Suggested Scripture: Colossians 3:17
When my children were younger, I certainly did not forbid them from trick or treating at Halloween, but each year at this time I am reminded about the prevalent curiosity in our culture concerning the occult and supernatural. And it sometimes seems that at the same time we either overlook or discard in our thinking what are the two greatest supernatural events of all: God creating all that exists and God raising His Son, Jesus from death after being crucified.
And I usually have written a lot of words about this concern, but this year I would like to offer perhaps a different response, actually, a teaching response.
Printed below is a poem called “A Pumpkin Carver’s Prayer.” By following the carving steps you can do at least two things: Do the carving with your children and affirm for them what the symbols mean concerning our relationship with God and what God has done for us in Christ; and the symbols carved in your pumpkin will be kind of a silent witness when trick-or- treaters come to your door Halloween night.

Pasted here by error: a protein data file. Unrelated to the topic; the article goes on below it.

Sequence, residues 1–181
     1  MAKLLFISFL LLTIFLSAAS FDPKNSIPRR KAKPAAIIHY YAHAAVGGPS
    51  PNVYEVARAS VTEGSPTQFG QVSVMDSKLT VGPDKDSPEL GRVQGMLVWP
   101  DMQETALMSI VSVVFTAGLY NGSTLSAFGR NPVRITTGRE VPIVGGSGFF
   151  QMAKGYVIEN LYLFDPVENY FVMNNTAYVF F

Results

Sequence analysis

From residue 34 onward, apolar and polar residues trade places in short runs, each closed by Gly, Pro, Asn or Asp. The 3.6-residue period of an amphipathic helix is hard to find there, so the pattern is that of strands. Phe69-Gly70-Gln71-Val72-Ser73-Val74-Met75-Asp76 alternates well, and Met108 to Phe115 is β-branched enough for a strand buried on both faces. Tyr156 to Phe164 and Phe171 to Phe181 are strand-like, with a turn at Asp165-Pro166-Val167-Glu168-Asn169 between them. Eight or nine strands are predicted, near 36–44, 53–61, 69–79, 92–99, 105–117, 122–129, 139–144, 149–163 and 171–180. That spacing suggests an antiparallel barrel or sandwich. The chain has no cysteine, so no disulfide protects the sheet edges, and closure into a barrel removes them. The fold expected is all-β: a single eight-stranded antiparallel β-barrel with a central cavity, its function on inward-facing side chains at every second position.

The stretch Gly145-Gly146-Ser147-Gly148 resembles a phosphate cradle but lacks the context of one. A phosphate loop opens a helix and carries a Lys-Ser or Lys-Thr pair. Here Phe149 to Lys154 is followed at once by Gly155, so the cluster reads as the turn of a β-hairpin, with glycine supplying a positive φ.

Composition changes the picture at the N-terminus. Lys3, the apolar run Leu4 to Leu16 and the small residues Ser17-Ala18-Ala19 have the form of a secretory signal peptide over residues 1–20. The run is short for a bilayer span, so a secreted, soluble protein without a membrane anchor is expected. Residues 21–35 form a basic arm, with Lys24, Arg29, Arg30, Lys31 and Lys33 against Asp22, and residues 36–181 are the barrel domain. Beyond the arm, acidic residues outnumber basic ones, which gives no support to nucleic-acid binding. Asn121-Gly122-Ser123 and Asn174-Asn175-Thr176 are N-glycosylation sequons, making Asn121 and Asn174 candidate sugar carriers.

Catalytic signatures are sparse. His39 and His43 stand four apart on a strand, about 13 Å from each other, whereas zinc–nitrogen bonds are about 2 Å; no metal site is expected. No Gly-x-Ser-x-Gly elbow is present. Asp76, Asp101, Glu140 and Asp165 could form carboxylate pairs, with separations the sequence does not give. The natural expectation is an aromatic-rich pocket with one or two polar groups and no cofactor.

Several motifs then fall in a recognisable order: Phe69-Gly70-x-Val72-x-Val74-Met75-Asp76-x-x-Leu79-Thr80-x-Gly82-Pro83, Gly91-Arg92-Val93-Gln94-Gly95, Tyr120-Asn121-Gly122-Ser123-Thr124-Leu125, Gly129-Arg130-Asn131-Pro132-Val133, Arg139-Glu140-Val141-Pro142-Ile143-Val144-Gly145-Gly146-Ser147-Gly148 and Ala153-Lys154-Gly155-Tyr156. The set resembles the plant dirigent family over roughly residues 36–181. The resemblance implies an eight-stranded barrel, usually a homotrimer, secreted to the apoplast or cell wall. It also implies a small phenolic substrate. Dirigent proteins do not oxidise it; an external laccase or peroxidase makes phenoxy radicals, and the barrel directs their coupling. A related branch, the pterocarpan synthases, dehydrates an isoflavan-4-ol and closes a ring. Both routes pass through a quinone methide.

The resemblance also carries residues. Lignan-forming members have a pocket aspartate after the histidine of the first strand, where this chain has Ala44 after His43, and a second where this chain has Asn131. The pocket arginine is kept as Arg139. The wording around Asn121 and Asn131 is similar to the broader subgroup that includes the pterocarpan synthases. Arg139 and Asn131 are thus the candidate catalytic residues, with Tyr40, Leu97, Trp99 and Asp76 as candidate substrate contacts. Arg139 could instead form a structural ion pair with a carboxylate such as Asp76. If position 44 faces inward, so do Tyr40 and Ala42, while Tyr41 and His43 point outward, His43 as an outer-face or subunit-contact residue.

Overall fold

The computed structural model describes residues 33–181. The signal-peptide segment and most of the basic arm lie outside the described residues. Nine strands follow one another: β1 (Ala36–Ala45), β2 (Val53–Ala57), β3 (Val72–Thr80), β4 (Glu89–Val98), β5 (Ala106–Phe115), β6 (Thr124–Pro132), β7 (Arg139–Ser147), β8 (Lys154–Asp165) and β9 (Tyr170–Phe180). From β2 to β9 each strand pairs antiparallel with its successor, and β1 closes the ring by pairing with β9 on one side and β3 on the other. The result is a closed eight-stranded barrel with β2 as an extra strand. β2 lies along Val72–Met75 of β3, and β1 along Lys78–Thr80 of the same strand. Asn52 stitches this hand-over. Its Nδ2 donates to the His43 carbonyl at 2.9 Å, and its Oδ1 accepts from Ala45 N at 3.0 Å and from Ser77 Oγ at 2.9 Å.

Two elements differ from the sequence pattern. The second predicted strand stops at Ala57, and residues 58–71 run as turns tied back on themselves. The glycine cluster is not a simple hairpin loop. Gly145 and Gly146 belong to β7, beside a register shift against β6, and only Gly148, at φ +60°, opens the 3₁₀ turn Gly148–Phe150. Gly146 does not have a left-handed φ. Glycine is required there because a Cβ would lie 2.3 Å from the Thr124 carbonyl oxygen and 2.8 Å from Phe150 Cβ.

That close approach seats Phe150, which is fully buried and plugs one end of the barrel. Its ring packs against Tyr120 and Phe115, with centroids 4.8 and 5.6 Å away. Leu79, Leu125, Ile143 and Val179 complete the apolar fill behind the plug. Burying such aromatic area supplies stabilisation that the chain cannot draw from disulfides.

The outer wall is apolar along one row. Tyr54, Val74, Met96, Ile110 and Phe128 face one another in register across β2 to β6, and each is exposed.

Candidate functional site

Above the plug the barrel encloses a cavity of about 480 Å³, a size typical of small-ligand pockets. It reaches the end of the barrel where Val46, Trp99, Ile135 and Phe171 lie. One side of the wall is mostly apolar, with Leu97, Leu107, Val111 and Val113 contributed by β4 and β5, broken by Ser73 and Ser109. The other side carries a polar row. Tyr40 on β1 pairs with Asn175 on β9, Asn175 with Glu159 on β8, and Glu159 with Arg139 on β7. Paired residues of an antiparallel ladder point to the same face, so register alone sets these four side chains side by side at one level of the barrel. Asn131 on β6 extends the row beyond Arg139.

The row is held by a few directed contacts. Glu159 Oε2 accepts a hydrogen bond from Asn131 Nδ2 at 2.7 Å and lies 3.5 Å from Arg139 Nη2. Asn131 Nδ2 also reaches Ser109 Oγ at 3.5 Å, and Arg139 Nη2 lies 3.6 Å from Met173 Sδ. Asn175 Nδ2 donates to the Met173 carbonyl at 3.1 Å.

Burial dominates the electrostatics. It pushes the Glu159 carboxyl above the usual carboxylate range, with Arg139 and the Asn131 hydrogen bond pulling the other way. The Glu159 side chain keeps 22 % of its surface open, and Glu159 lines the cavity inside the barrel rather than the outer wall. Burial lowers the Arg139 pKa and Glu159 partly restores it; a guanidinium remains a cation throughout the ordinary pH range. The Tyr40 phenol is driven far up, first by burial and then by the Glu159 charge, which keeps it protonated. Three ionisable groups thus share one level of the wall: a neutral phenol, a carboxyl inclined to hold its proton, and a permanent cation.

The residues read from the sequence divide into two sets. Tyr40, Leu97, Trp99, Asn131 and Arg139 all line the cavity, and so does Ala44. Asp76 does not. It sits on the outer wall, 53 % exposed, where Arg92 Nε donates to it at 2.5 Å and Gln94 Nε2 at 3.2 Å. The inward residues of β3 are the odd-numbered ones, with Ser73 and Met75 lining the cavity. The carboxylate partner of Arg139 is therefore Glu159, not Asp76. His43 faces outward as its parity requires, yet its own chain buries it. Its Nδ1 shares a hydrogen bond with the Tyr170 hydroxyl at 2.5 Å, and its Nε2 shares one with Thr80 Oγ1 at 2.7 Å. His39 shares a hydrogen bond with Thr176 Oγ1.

So here you go:
A Pumpkin Carver’s Prayer
Dear God: As I carve my pumpkin help me say this prayer
Open my mind so I can learn more of you;
(as the top is carved)
Take away all my sin and forgive me for the wrong things I do;
I’m sorry for turning up my nose to all “You’ve given me;
(as the inside is cleaned away)
Open my eyes so Your love I will see;
(carve the eyes to be shaped like hearts)
(carve the nose in the shape of a cross)
Open my ears so Your Word I will hear;
(carve mouth in shape of a fish)
Open also my mouth so I can tell others You’re near;
(continue carving mouth in shape of a fish)
Let Your light shine in all I say and do! Amen
(as you place a candle/light inside to welcome your Trick or Treating guests!)
The Rev. Dr. Jimmy Hopper is pastor at First Presbyterian Church in Danville.